DeVougas’ resignation closed the investigation into his activities, but a separate legal matter remains open concerning another former executive director, Mary-Nell Regan, who led the commission from 2015 to 2018. During that time, Regan fired longtime FPC investigator Susan Bodden-Eichsteadt, who claims to have told others days before her dismissal that Regan was suffering from alcohol withdrawal at work. Bodden-Eichsteadt sued for wrongful termination, and the case is proceeding in federal court.
The situation at the FPC is made more desperate coming at a time when strong leadership is needed to respond to surging crime stats and a national debate over the role of policing. Milwaukee set a grisly record of 189 homicides last year. Car thefts are up 152%. Overdose deaths climbed 13% in 2020 and are nearing 500 every year. “We find ourselves almost just shrugging our shoulders at the next [overdose], and the one that comes after that, and the one that comes after that,” Acting Fire Chief Aaron Lipski said at a recent community meeting. “We’re breaking the wrong records here.”
In the best of times, the FPC is mostly invisible, despite its unusual abilities, which can be masked by dry titles and Byzantine bureaucratic processes. “Milwaukee is unique in that it does have a level of authority that many would like to have,” says Liana Perez, director of operations at the National Association for Civilian Oversight of Law Enforcement.
A ceremonial report published 11 years ago to mark the FPC’s 125th anniversary included praise from Mayor Tom Barrett: “The commission has quietly and effectively served the people of this city for 125 years. The efforts of the commission have not gone unnoticed; instead, your work directly affects all aspects of public safety in our community. … The commission has always met its challenges head-on, with sound judgment and knowledgeable leadership.”
If the current FPC can be said to reflect any one person’s vision, that person is Barrett. He selected all the current commissioners and many past ones over his 17 years in office. Whatever his desires are for the city’s police and fire departments, they must be achieved through the FPC.
In the best of times, the FPC is mostly invisible, despite its unusual abilities, which can be masked by dry titles and Byzantine bureaucratic processes.
“The Fire and Police Commission has actually changed significantly over the last eight to 10 years,” Barrett says. “When I began, a lot of its focus was on dealing with matters that were wholly internal with the police department, and more specifically with disciplinary actions. I was looking for people who did not always assume that the police were right, and did not always assume that the police were wrong.”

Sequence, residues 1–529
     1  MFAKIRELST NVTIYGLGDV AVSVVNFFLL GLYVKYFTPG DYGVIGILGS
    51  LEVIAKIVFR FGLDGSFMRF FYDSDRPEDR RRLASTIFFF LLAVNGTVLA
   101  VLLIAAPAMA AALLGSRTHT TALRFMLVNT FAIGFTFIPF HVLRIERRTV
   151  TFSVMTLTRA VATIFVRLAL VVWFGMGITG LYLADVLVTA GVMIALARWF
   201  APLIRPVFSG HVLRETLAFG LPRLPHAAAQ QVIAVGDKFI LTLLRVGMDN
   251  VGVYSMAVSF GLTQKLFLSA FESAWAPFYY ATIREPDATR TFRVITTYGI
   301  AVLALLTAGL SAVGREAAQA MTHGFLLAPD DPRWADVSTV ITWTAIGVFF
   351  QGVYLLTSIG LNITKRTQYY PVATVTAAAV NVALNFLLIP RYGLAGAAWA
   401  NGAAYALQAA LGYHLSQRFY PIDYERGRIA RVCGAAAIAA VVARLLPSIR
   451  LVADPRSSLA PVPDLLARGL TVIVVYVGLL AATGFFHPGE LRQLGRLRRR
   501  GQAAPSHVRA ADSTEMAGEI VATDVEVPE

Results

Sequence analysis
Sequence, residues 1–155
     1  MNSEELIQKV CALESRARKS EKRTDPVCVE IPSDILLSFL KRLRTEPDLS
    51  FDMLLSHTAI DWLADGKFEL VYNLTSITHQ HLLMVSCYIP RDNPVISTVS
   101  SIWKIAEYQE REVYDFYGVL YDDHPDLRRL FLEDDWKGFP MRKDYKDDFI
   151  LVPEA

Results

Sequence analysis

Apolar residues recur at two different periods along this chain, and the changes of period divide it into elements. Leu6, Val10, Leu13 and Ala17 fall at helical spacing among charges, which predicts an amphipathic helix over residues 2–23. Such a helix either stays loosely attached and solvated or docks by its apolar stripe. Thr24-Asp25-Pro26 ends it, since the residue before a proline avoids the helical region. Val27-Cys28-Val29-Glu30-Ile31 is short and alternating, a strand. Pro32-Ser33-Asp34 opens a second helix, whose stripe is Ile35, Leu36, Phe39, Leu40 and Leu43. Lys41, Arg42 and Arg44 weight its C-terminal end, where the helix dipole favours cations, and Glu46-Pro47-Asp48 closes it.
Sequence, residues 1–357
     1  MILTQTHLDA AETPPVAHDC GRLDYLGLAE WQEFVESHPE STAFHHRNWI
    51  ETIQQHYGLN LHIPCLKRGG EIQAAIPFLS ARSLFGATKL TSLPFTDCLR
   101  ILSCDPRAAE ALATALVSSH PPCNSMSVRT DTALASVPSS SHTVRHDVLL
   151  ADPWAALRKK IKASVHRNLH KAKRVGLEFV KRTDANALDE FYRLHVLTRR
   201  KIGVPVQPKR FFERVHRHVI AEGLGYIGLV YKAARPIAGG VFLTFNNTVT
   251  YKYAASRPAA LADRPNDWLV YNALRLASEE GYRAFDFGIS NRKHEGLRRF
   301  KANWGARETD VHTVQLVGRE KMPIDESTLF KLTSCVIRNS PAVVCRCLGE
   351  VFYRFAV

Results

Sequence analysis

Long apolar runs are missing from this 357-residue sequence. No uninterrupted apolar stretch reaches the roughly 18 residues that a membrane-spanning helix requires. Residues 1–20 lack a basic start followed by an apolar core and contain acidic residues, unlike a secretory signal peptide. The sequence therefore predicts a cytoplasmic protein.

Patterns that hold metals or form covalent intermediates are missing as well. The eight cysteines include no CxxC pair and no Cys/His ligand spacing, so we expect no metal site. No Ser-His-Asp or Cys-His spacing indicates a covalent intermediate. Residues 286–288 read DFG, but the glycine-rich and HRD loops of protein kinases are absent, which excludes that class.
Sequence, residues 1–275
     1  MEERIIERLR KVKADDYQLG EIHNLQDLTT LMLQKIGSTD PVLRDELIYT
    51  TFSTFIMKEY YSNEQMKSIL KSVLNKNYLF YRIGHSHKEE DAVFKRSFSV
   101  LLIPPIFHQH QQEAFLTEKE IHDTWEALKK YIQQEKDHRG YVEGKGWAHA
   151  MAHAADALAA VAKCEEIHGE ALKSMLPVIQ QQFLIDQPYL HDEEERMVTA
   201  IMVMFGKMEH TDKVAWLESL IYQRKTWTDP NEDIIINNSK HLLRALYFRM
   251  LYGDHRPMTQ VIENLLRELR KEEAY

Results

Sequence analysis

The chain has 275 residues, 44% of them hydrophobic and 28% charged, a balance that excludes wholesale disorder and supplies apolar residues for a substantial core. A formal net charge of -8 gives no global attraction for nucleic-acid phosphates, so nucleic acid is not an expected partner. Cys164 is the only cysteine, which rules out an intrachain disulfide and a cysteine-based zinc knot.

That narrow focus broadened after years of police controversies, both nationwide and here in Milwaukee. “Clearly, over the last six or seven years, police-community relations have become a much, much, much more serious part,” Barrett says.
Commissioners themselves only serve part-time. The $6,600 they receive yearly for their work all but guarantees commissioners must have outside sources of income. Following DeVougas’s resignation, there are once again only six commissioners serving on the nine-member panel: Ann Wilson, a community center manager; Nelson Soler, a marketing executive; Angela McKenzie, a lawyer; Everett Cocroft, a retired firefighter; Fred Crouther, a pastor; and Amanda Avalos, a community organizer.
Barrett says it was never his desire to appoint retired police and fire officers to the commission. He did so to appease a state legislature that was looking at requiring active police and firefighters to serve on the body. He points to former commissioner Richard Cox as an ideal example of what he looks for when making appointments.
“[Cox] worked for the county and was involved with the county corrections system,” Barrett says. “He was a really good person to have on there because he understood the community and he understood law enforcement. At the same time, he did not have any what I would call significant personal or work-related history with people who are with either department.”
Commissioners’ terms are supposedly limited to five years, although in practice members remain in place until they resign or their replacements are confirmed. Wilson is still serving a term that expired in 2018; Barrett didn’t bother to formally renominate her until November 2020. Two other mayoral appointments in recent years were rejected by the Common Council. Another commissioner, Raymond Robakowski, resigned in 2020 less than a year after his confirmation, blasting the whole commission as dysfunctional on his way out the door.
Police oversight boards will always be hotbeds of controversy. That comes with the territory. In 2012, for instance, public outcry led the FPC to reverse its decision not to fire an officer caught on video beating a handcuffed woman. But that episode also illustrates the value of the FPC: an oversight board that can be more responsive to community protests than to city hall or the MPD top brass.
It is clear the current FPC fails to qualify for even the mayor’s tepid boilerplate thrown out a decade ago. Shortly after Judge Foley overturned Morales’ demotion, Barrett said the commission made serious mistakes and Milwaukeeans should expect changes. Following DeVougas’s resignation, Barrett announced he was pleased DeVougas was stepping down. Asked if he has faith in the remaining commissioners, Barrett says, “What I’m going to do is – as decisions are being made, I will be announcing who I will be nominating.”